Wednesday 13 July 2011

Guaranteed 9% Yield!

Don't you hate those ads! They couldn't possibly be true, could they?

Well, I might be exaggerating ever-so-slightly here, but - yes dear reader, it is shockingly true. Here are not just one but several securities that have a yield-to-maturity of around 9% in an institution that is effectively owned by the British tax-payer. How safe can you get, and how could you find a bigger return? Is this buried treasure or Fool's Gold?

I've underlined in a recent post that a high fixed yield today is usually worth more over the medium term than a lower, but growing yield - provided that the risk of losing your money is vanishingly low. The big problem with high-yield dividend shares is that dividend is not guaranteed - you have to accept the risk that dividends may not grow or may even be reduced. And that happens more often than we would like.

But the problem with high-yielding fixed yields, such as corporate bonds is that a high yield usually indicates a higher risk of default.

But buried in the wreckage that is Lloyds Banking Group - rescued by the UK Government - is an unusual class of securities Enhanced Capital Notes - there are about 20 different types, each with different maturities, coupons and yields.

To quote Collins Stewart:
  •  Enhanced Capital Notes (ECNs) are a form of contingent convertible issued by Lloyds Banking Group PLC. Holders of a number of existing Lloyds securities were offered the opportunity to convert their holdings into ECNs on a 1 for 1 basis. This followed a European Commission ruling that optional coupon payments should cease on existing securities whilst Lloyds was in receipt of state support. These dividend restrictions will last at least until February 2012."

In other words, this was a dodge to keep paying the coupon on the preference shares held mainly by the big financial institutions. And because they are no longer 'prefs', they are paid gross, without the UK's 10% dividend 'tax' (yes, I know, it's not really a tax...).

The unusual feature of ECNs is that (again quoting Collins Stewart):
  •  If the Group s published consolidated core tier 1 ratio falls to less than 5 per cent, the ECNs automatically convert into Lloyds ordinary shares at a rate of 1.68892 ordinary shares per £1 of ECNs. This acts to increase Lloyds core tier 1 capital ratio at the time of conversion."

So, there is a (small) chance that you might end up with fairly worthless shares in Lloyds. Unlike most convertible bonds, this will only happen in case of a failure - meaning that they are rated as junk bonds by Fitch.

And the "9% yield" I was claiming? Collins Stewart publish yields showing (in early July 2011) yields-to-maturity of up to 9.96% for LBG 16.125% (10/12/2024) LB20 (admittedly you would have to buy £50k's worth to get that). Or for the investor of more modest means you might go for LBG 11.125% (4/11/2020) which is dealt in bundles of £1k with a YTM of 8.99%.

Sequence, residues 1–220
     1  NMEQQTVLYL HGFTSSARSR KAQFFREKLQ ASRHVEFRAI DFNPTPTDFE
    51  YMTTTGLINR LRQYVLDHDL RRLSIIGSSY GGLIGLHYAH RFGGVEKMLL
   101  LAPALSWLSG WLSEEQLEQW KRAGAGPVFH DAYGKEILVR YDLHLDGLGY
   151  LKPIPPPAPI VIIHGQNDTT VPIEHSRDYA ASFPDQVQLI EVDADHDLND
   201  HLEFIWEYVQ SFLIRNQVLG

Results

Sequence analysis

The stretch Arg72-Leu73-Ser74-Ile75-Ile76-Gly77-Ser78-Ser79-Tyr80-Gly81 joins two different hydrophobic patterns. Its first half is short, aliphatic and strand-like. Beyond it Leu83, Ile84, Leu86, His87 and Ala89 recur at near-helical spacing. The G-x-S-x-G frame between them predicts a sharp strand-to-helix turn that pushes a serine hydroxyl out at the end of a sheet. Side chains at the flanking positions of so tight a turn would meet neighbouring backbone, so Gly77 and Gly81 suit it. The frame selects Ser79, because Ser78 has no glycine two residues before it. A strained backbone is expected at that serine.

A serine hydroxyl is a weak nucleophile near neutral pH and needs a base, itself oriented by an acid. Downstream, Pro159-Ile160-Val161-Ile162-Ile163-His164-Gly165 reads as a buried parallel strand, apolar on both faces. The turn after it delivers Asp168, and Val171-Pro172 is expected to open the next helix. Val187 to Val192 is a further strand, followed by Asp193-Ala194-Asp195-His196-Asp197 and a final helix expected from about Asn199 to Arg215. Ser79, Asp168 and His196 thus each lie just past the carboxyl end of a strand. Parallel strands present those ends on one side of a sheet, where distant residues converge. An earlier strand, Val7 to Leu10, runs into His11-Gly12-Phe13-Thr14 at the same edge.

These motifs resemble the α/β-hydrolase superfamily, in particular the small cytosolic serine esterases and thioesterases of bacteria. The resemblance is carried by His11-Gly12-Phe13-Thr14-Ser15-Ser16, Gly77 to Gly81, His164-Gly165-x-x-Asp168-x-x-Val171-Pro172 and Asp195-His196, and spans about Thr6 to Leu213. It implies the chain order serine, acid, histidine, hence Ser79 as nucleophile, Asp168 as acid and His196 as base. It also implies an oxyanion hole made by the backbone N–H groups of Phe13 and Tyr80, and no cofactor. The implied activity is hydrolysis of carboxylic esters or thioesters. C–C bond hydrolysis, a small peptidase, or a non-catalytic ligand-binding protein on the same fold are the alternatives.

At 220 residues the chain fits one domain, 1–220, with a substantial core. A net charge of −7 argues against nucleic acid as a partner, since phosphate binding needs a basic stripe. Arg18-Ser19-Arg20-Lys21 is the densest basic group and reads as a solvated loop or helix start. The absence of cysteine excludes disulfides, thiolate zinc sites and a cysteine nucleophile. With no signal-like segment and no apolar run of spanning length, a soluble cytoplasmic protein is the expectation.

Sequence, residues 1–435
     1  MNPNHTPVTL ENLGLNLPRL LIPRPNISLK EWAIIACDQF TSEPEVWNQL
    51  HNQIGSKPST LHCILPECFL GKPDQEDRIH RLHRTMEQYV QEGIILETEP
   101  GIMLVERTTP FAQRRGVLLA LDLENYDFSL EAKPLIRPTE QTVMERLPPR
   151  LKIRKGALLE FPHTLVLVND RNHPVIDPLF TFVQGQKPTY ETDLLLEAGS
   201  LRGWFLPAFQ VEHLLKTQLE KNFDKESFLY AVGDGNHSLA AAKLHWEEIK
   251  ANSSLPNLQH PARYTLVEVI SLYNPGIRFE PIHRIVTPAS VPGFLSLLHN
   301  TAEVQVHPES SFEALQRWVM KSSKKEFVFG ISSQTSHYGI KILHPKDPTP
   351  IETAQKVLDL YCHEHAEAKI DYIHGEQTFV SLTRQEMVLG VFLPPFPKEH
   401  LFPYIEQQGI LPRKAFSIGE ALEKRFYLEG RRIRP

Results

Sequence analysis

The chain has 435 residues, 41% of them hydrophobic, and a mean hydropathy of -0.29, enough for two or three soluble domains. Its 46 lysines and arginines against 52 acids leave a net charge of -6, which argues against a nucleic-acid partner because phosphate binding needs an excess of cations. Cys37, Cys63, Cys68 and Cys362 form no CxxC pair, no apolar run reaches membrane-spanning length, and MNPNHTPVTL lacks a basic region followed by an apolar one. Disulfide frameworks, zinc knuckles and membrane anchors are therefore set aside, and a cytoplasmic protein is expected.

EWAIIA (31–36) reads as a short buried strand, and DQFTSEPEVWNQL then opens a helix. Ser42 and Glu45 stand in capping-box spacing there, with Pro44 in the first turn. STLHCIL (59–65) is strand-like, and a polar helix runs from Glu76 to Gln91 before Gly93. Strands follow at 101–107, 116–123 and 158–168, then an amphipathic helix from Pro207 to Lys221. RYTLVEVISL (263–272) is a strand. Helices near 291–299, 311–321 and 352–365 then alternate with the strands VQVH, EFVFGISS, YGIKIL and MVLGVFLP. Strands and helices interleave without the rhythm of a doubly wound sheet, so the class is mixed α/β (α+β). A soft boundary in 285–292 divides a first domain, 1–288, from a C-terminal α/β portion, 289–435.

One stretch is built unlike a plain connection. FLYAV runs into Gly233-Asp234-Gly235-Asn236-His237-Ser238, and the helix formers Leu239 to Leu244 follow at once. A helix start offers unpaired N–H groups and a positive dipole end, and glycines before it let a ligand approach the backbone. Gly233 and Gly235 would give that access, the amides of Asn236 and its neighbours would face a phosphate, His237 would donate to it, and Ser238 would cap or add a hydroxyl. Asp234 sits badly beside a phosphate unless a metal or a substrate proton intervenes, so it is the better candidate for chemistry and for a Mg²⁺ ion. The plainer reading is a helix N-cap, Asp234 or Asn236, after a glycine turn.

Now, none of this is actually 'guaranteed' - but with such a huge stake in the company, is it likely that the UK Government would allow Lloyds to fail now? I think not.

I don't know how easy these are to buy yet. ECNs are dealt 'clean' of accrued interest: this means that the accrued interest is settled separately, as is the case with bonds. Be aware that the securities are dealt only in round amounts, varying from 1,000 up to 100,000 shares, although LBG 7.975% does trade in individual shares (with a YTM of 8.6%).

So have I convinced you? A guaranteed 9% yield? Or not?

I am not a financial advisor and the information provided does not constitute financial advice. You should always do your own research on top of what you learn here to ensure that it's right for your specific circumstances.


  1. HILARY - NO!

    It is one of my investing rules never, ever to touch any BANK instrument. Too many unknowns and so many lesser risk alternatives.

    I'll post later where to find secure high yields with capital gain potential.


  2. Hilary:-

    I agree with you 100% on the importance of dividends. A yield features large in my asset allocation criteria, either directly through a choice of fixed or quasi fixed interest stocks; or indirectly through equity selection.

    By quasi fixed interest I refer to the lamentably disappearing Zero Dividend Preference Shares (“ZDPs”). Those superb instruments provide Gross Redemption Yields for a capital gain over a defined period. The hay-day for many Zero followers were the halcyon years of 2002/5 which followed the Split Level Investment Trust scandal of 2001. Sadly many ignorant investors and brokers binned their ZDPs, just when they should have been buying. I was one of the lucky few who, having just taken early retirement, had the time to research the true situation. Totally secure GRYs of 15%+ were commonplace. How I miss those days.

    Now and again another ZDP arrives on the scene. F&C Private Equity Trust ZDP (FPEZ) was one such; though I am now out as the price has risen to a level where the yield is no longer attractive:

    In recent times I have held various different preference shares yielding 7.8% - 12.5%: